Some people think camping out in the wilderness around a fire sounds like a dream vacation or an escape from reality and the pressures of the big city, but Alexandra Billings is not one of those people. "My idea of roughing it is the Hilton. That's as rough as I get," the actor explained to me of her aversion to the great outdoors. It was a surprising anecdote because, in her new film Valley of Bones, her character Kimberly isn't just a fan of the wilderness--she owns an entire ranch.
For fans of the actor, her latest role is a far cry from the streets of Los Angeles she lives in on Jill Soloway's hit show Transparent. Over three seasons, Billings has played Davina, the cool-headed but tough best friend of Jeffrey Tambor's character Maura, the transgender matriarch of the Pfefferman family. Now, ahead of a fourth season of the show where her backstory will finally be revealed, Billings took a detour from Transparent by way of the Badlands.
In the Dan Glaser-directed film, aptly about a valley of bones, she's busy helping a paleontologist and a recovering meth addict dig up dinosaur bones and, yes, it's as wild as it sounds. It's also a showcase for how far the actor has come since making history as one of the first transgender women to play a transgender character on television.
As Valley of Bones hits theaters and she gears up for the new season of Transparent to start, we called up the actor to talk about the inspiration behind the Western outfits in her new film, her favorite moment as a transgender actor, and her take on the debate about cisgender actors playing trans roles.
OUT: The film is a big step away from your role on Transparent. How was your experience on set? Did enjoy wearing all of those fun Western outfits?
Alexandra Billings: [Laughs] It was great! It's funny because... this is way before your time, I think. I studied Barbara Stanwyck in The Big Valley who I just love. I took a lot from her--from the way she held herself and her gestures. It was really fun to do and it was out in the wilderness. This was not on a soundstage. We were in the thick of it but it was really great to be out in the middle of the wilderness with these kind of people.
Would you ever want to own a ranch like your character?
Are you kidding? Why? What would I do? No.
[Laughs] So you're definitely not a fan of camping?
I'm not, but my wife will camp. She'll do the camping and she's been bugging me for the last twenty-something years to rent an RV, but I keep deterring her by taking her to Rome and Italy.
The movie itself is pretty violent. Do you want to play a sort of female action hero one day?
Oh, that would be great! Will you write one? Would you do that?
I'll try! Do you have any dream roles?
No, I never really think in those terms of "oh I wish." My life is a series of happy surprises so I don't sit around and wish for things like that. I'm just really grateful for what happens to me in the present.
You've been such a big name in the trans community for decades. What kind of progress have you seen in terms of transgender visibility?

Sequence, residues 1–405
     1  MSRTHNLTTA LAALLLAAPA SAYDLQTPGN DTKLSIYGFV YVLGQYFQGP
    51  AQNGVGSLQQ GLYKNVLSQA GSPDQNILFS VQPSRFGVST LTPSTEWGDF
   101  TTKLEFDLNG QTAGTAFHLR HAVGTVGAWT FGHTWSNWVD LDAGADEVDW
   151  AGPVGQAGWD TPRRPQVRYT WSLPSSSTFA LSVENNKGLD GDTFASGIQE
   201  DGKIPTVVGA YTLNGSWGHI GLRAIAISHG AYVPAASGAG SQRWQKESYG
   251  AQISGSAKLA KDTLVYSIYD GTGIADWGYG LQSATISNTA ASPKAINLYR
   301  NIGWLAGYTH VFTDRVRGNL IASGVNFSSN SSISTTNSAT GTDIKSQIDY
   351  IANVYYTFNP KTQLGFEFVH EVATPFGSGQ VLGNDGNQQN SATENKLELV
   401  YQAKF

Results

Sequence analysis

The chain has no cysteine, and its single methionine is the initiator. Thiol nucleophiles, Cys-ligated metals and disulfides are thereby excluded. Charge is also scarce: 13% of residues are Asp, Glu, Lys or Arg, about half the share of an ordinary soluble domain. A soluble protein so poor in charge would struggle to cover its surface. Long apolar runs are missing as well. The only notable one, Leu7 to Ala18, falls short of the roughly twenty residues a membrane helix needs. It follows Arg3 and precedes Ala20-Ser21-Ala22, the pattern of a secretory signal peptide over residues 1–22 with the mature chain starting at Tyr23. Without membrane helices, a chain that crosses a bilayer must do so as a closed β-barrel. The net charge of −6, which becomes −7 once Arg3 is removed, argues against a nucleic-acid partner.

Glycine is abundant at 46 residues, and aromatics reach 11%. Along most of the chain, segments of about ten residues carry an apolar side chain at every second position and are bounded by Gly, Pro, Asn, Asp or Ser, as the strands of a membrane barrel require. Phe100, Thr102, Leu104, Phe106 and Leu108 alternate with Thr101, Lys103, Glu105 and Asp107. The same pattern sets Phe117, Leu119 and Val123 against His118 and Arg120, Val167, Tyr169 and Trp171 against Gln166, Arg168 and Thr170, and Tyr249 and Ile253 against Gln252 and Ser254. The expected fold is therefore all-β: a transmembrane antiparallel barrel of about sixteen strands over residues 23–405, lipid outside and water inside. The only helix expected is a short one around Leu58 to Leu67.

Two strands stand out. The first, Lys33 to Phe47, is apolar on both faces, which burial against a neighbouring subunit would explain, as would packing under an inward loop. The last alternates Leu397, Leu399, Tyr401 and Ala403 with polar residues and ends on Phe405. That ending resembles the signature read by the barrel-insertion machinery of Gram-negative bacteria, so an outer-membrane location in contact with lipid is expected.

I think the great thing that we can all celebrate is the fact that we're now known as a community and a tribe instead of a choice and a fetish. We're becoming accepted--among artists, anyway--as a viable part of not only the LGBTQ community but the community as a whole. I transitioned in 1980 when it was not only unheard of, it was illegal! Now, in many parts of the United States, its celebrated.
Alexandra Billings & Trace Lysette on Transparent (Photo courtesy of Amazon Prime Video)
What's been your proudest moment as a transgender actor so far?
I think one of the moments that really struck me was a couple of years ago. I was at a Starbucks and there was a little blonde haired girl with a sundress on [who was] probably eight or nine-years-old sitting at a table. Her mother came up to me and said, "Can I get your autograph because my daughter just loves you."
I walked over to the table and she was so happy and thanked me. She was so kind and polite. I said you're welcome and asked for her name and she said, "Well, my name now is Rebecca." I said, oh what was it before, and she whispered what the name was, which I won't repeat, but she was trans. I was really, truly shocked in a way that rarely happens to me.
You're going to make me cry! On another note, you're such a big advocate for the HIV positive community. Is that an aspect of the community we still need to work on?
Oh, absolutely. The virus is peaking again among our community because now we think, well I'll take a pill and everything is fine. The red ribbons are gone because it's not the fashionable thing to do anymore. I'm 55 years old. I went through this and buried all my friends. We're going to end up right back where we started if we're not careful. We've got to take care of each other because, look, we're in the center of a government who couldn't care less about us.
There's been a lot of debate about cisgender actors playing trans roles and, in this movie, you're a trans actor playing a cis role. What are your thoughts on this dialogue?
Well, I think you can look at someone like Jeffrey Tambor on Transparent. His role seems to be coming out of him from the center of his spirit in some kind of way. I've never seen this kind of acting before, [and] it's remarkable, but he'll be the first one to tell you to stop doing this.
I think there's a difference between doing that and deciding to play a transgender female as an acting challenge. I think it's not only a waste of time, but it does a disservice to trans people. I'm all for any actor playing any role, but we have got to confront something. The only people that I know who are working are a handful of trans people. Once the scales become balanced, I will be much more applicable to having cis people playing trans characters.
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